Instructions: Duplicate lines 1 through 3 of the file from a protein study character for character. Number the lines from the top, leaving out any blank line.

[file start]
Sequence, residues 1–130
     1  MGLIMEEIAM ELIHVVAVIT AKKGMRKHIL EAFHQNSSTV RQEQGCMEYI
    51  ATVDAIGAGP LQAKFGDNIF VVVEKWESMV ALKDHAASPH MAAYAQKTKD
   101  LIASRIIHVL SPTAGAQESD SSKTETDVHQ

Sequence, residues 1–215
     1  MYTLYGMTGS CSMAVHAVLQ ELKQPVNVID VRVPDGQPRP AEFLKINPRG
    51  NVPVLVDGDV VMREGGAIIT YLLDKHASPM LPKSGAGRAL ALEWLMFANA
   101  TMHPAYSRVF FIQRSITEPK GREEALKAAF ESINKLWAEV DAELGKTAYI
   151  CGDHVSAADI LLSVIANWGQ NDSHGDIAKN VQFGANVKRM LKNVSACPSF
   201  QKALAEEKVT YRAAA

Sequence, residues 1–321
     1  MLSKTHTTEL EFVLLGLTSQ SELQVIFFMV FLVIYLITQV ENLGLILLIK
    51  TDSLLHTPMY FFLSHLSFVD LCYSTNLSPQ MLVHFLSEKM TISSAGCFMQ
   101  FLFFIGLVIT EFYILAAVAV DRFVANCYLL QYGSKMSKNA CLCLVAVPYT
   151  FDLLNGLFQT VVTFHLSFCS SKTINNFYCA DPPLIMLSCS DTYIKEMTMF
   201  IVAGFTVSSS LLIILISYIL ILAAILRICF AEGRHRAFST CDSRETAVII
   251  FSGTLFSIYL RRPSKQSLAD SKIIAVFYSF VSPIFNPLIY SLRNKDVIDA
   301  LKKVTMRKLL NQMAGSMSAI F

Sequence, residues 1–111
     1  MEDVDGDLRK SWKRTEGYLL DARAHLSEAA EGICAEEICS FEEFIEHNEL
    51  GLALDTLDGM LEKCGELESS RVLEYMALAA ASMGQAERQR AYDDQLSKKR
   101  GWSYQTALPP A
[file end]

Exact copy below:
Sequence, residues 1–130
     1  MGLIMEEIAM ELIHVVAVIT AKKGMRKHIL EAFHQNSSTV RQEQGCMEYI
    51  ATVDAIGAGP LQAKFGDNIF VVVEKWESMV ALKDHAASPH MAAYAQKTKD